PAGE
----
How the world reacted to Imran Khan’s arrest in Pakistan
Leaders and world bodies call for restraint and raise alarm after Pakistani authorities suspend mobile internet.
Former Pakistani Prime Minister Imran Khan has been arrested on corruption charges by the country’s paramilitary forces in capital Islamabad.
Khan’s arrest on Tuesday sparked nationwide protests and demonstrations, while the government blocked internet services in big cities.
The 70-year-old opposition leader appeared in a court on Wednesday where the authorities are seeking approval to keep the opposition leader in custody for 14 days.
On Tuesday, Khan was appearing in the Islamabad High Court on multiple corruption charges when dozens of agents from the National Accountability Bureau (NAB), backed by paramilitary troops, stormed the courtroom and broke windows after Khan’s guards refused to open the door.
The shock arrest deepened an ongoing political turmoil and sparked violent demonstrations across the country, in which at least one person was killed in the southwestern city of Quetta. Dozens of other PTI supporters were wounded in clashes with the security forces.
The arrest and consequential protests have led to officials of other governments and world bodies to call for restraint and calm.
Here is how the world reacted to Khan’s arrest:
The United States has called for respect for democratic principles and the rule of law in Pakistan.
“We are aware of the arrest of former Pakistani Prime Minister Imran Khan. As we have said before, the United States does not have a position on one political candidate or party versus another,” White House Press Secretary Karine Jean-Pierre told reporters at her daily news conference.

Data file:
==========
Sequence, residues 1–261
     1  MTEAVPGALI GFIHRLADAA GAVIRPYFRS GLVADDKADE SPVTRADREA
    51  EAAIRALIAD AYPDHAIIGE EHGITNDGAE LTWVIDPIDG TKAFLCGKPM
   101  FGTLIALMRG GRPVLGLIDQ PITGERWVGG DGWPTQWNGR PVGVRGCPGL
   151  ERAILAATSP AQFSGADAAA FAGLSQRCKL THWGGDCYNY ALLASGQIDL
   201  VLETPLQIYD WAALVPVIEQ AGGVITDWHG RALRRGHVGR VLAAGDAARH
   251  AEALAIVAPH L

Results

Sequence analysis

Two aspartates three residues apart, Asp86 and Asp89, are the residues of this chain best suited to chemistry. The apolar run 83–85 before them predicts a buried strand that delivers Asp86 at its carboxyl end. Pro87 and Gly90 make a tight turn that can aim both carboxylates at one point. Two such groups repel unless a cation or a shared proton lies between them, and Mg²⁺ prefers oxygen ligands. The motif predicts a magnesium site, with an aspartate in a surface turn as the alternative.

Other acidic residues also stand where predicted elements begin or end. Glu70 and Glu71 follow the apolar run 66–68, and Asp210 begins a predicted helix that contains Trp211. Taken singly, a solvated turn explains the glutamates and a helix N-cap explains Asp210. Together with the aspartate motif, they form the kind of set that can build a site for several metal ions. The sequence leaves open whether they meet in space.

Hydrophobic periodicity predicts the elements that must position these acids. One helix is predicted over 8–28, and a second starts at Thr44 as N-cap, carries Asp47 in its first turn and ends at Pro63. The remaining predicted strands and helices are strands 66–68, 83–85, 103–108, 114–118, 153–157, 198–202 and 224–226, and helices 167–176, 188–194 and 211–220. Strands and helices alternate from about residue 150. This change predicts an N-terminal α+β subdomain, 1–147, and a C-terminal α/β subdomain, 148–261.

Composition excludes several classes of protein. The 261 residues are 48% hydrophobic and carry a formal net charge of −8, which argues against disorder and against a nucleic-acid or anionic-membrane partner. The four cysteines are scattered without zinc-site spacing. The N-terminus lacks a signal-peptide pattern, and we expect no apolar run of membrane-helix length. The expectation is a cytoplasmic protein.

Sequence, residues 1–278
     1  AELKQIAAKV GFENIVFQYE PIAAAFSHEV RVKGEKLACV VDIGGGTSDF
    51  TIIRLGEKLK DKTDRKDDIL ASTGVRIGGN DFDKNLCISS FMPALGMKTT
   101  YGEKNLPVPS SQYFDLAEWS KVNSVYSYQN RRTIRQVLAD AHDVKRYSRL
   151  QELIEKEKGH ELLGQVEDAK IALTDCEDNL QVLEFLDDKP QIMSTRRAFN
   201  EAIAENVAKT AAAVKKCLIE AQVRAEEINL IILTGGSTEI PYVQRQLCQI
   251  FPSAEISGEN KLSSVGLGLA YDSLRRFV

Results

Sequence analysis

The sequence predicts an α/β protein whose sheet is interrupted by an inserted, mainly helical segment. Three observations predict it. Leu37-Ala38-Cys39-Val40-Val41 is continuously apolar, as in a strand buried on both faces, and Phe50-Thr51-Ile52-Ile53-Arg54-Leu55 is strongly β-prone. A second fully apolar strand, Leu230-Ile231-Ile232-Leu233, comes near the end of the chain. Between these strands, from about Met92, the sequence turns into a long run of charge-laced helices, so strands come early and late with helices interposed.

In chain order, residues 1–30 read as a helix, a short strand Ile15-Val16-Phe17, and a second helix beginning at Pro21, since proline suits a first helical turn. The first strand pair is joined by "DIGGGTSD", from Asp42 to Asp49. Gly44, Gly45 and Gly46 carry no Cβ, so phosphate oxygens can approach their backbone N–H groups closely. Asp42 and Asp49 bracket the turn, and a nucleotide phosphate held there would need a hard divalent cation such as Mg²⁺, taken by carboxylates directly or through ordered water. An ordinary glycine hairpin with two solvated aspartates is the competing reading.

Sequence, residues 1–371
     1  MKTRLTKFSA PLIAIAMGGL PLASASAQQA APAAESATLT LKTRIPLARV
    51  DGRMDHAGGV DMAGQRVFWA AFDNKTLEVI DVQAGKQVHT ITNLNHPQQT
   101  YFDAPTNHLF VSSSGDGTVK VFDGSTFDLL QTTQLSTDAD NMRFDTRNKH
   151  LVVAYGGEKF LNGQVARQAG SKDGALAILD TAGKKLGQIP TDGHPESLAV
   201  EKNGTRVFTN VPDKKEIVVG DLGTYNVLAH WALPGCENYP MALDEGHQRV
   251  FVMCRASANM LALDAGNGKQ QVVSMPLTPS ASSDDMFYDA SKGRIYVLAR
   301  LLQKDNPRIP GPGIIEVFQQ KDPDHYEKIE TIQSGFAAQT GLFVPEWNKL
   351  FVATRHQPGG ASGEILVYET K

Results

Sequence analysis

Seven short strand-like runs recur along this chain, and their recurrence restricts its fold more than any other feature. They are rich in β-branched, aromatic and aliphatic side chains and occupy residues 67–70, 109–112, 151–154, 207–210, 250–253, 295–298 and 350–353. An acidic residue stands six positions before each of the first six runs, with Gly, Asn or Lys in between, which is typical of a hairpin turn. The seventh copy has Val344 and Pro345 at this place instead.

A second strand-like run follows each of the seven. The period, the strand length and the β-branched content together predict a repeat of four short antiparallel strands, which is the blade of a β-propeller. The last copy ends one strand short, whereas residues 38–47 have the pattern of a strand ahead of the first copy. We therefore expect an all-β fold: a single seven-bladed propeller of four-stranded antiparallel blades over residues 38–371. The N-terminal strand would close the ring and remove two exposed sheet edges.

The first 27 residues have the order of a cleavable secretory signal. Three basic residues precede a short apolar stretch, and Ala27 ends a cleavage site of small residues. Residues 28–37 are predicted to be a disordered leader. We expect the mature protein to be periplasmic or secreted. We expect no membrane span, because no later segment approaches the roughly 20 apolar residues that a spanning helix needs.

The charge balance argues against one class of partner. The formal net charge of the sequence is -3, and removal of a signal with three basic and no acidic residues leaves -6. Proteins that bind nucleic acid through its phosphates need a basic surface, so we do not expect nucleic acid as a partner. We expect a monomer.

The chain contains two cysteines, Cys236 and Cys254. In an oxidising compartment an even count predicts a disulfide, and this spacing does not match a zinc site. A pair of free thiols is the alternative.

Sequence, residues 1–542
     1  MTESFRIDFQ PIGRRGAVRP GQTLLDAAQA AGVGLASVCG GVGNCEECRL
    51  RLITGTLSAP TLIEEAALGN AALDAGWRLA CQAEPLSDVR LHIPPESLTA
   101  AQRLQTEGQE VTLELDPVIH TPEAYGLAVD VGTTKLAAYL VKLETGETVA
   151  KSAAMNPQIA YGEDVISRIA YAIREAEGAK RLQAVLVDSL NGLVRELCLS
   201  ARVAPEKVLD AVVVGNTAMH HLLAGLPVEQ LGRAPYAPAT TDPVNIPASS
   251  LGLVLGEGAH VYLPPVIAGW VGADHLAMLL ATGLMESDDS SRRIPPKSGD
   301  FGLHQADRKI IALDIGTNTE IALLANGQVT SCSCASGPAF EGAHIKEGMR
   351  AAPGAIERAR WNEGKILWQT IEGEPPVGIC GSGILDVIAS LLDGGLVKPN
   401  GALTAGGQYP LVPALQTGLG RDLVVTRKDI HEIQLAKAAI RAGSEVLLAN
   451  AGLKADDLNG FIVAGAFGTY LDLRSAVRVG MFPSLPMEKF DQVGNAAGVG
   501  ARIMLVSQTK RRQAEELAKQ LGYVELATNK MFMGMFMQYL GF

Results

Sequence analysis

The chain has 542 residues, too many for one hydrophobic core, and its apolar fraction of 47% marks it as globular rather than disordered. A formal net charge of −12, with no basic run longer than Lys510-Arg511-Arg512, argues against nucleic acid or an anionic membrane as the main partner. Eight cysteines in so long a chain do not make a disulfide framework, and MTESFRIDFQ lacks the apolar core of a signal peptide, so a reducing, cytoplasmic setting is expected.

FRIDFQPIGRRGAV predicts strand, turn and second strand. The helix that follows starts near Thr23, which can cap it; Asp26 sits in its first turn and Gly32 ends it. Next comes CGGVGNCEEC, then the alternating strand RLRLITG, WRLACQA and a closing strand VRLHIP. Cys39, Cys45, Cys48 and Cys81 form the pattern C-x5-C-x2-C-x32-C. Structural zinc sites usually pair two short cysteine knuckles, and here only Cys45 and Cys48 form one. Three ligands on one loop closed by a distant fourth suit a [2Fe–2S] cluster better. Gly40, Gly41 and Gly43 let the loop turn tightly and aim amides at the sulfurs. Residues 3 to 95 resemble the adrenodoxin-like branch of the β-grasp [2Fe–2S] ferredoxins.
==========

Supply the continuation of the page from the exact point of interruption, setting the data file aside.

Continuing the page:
“We call for the respect of democratic principles and the rule of law around the world. So I would refer you to the government of Pakistan for any further information on that,” she said.
US Secretary of State Antony Blinken said he wants the rule of law to be followed in the South Asian country.
“I have seen the reports that you have alluded to and we just want to make sure that whatever happens in Pakistan is consistent with the rule of law with the constitution showing,” Blinken told reporters at a joint news conference with his British counterpart.
UK Foreign Secretary James Cleverly said he has not yet had the opportunity to be briefed in detail on the developments in Pakistan, but the UK wants to see “peaceful democracy” in the country.
“The UK has a longstanding and close relationship with Pakistan. We are Commonwealth partners. We want to see peaceful democracy in that country. We want to see the rule of law adhered to. I am uncomfortable to speculate any further without having a detailed briefing on that,” Cleverly said.
Meanwhile, Jeremy Corbyn, a prominent member of British Parliament and former leader of the Labour Party, condemned Khan’s arrest on Twitter.
“The arrest of former Prime Minister of Pakistan, Imran Khan, is a dark day for democracy,” he tweeted.
The arrest of former Prime Minister of Pakistan, Imran Khan, is a dark day for democracy.
Solidarity with protestors in Pakistan and beyond demanding his immediate release. pic.twitter.com/qXgQGjhfe2
— Jeremy Corbyn (@jeremycorbyn) May 10, 2023
A top UN official on Tuesday stressed the need to ensure all political figures in Pakistan are treated fairly and that due process is followed.
The official’s comments came hours after Khan was arrested.
In a statement, the EU emphasised that in such “difficult and tense times” in Pakistan, “restraint and cool headedness were needed”.
“Pakistan’s challenges can only be addressed and its pathway can only be determined by Pakistanis themselves, through sincere dialogue and in line with the rule of law,” it said.
Rights group Amnesty International said it was concerned about the “escalation in clashes” and called on the Pakistani authorities to “show restraint”.
“The clashes unfolding between Imran Khan’s supporters and security enforcement following the former prime minister’s arrest risks several human rights violations,” it said in a tweet.
The human rights non-profit also expressed concerns about the suspension of mobile internet service and the blockage of social media applications.
It said the suspension “restricts people’s access to information and freedom of expression”.